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Technical Paper

Water Analysis Results from Phase II of the NASA Early Human Testing Initiative 30-Day Closed Chamber Test

1997-07-01
972555
An important milestone in the ongoing effort by NASA to develop and refine closed-loop water recycling systems for human space flight was reached during the summer of 1996 with the successful completion of Phase II of the Lunar Mars Life Support Testing Program at Johnson Space Center. Part of Phase II involved testing a water-recycling system in a closed test chamber continuously occupied by four human subjects for thirty days. The Phase II crew began the test with a supply of water that had been processed and certified for human use. As the test progressed, humidity condensate, urine, and wastewater from personal hygiene and housekeeping activities were reclaimed and reused several times. Samples were collected from various points in the reclamation process during the thirty day test. The data verified the water-processing hardware can reliably remove wastewater contaminants and produce reclaimed water that meets NASA standards for hygiene- and potable-quality water.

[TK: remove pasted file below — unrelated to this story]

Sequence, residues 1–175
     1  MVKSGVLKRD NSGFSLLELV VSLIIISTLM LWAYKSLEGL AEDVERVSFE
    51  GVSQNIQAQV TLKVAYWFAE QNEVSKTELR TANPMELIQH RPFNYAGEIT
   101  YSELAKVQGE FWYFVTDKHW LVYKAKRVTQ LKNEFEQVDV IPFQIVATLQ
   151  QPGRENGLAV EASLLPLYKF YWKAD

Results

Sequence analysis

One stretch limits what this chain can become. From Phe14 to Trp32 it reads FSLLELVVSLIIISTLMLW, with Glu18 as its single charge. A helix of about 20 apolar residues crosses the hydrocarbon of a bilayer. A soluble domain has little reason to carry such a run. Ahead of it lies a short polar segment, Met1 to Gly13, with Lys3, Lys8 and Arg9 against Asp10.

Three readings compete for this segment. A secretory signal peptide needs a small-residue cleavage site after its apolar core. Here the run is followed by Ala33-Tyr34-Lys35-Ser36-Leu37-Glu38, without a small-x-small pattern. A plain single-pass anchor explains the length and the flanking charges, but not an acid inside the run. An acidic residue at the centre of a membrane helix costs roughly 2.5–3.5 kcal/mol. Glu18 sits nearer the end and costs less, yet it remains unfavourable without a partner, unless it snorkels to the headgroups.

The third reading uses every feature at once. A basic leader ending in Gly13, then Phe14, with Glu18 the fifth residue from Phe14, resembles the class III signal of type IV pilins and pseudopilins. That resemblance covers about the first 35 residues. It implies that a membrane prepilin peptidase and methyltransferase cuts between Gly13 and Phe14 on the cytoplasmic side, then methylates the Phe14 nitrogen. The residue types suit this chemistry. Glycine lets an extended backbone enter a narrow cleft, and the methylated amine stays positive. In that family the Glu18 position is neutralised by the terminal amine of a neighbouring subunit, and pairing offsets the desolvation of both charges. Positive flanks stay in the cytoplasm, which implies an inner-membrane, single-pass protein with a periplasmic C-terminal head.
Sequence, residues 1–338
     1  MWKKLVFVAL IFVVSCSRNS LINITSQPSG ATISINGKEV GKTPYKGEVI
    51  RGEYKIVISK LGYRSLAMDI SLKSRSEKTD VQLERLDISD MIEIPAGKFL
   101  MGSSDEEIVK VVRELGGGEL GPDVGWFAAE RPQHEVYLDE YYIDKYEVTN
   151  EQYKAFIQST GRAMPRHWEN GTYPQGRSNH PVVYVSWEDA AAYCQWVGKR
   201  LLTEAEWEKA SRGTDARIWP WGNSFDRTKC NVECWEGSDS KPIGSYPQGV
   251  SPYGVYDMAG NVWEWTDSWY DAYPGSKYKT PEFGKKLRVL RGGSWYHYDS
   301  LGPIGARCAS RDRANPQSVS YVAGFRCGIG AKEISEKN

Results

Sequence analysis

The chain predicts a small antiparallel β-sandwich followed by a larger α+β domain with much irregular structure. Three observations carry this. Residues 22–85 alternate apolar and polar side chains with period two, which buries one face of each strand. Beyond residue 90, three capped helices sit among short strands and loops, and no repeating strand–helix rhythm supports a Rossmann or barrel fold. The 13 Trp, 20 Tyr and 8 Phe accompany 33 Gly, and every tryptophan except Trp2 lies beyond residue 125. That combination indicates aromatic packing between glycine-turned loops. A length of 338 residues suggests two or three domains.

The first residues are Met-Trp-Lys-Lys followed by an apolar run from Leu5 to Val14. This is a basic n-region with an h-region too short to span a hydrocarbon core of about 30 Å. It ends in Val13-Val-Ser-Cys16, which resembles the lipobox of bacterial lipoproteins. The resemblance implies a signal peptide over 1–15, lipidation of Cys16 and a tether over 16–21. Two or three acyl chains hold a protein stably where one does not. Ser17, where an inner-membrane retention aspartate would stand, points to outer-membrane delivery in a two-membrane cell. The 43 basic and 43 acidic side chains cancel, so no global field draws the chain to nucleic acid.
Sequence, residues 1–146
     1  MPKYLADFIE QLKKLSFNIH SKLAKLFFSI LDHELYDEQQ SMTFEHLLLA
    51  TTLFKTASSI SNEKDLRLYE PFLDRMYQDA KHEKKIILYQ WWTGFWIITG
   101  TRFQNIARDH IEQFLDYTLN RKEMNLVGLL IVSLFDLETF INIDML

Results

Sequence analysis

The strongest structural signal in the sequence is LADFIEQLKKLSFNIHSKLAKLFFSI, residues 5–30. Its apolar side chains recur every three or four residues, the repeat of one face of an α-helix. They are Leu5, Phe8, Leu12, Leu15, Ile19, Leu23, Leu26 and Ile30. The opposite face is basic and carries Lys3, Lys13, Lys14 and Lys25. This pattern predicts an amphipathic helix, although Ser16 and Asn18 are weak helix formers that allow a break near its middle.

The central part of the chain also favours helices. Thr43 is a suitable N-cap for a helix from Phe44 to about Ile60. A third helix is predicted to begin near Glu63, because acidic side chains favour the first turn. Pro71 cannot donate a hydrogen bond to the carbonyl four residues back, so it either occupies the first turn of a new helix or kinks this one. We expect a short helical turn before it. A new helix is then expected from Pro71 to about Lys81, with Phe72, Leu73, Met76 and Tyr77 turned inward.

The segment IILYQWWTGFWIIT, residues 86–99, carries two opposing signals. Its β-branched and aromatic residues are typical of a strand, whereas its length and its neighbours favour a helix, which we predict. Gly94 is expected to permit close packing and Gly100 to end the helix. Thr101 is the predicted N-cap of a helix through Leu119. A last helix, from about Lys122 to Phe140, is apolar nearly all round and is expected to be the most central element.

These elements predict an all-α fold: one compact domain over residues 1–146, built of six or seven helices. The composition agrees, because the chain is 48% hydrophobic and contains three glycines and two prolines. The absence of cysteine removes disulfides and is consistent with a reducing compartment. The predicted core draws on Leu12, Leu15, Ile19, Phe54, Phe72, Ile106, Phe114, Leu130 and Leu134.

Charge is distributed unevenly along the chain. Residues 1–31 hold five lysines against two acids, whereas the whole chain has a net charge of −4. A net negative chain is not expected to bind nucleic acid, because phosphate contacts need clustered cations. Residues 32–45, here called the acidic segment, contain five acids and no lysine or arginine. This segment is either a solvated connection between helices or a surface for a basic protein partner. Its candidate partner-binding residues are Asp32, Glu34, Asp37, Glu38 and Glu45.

Technical Paper

Chemical Analysis of Potable Water and Humidity Condensate Collected During the MIR-21 Mission

1997-07-01
972462
The primary source of potable water planned for the International Space Station will be generated from the reclamation of humidity condensate, urine, and hygiene waters. It is vital to crew health and performance that this reclaimed water be safe for human consumption, and that health risks associated with recycled water consumption be identified and quantified. Only recently has data been available on the chemical constituents in reclaimed waters generated in microgravity. Results for samples collected during Mir-21 reveal that both the reclaimed water and stored water are of potable quality, although the samples did not meet U.S. standards for total organic carbon (TOC), total phenols, and turbidity.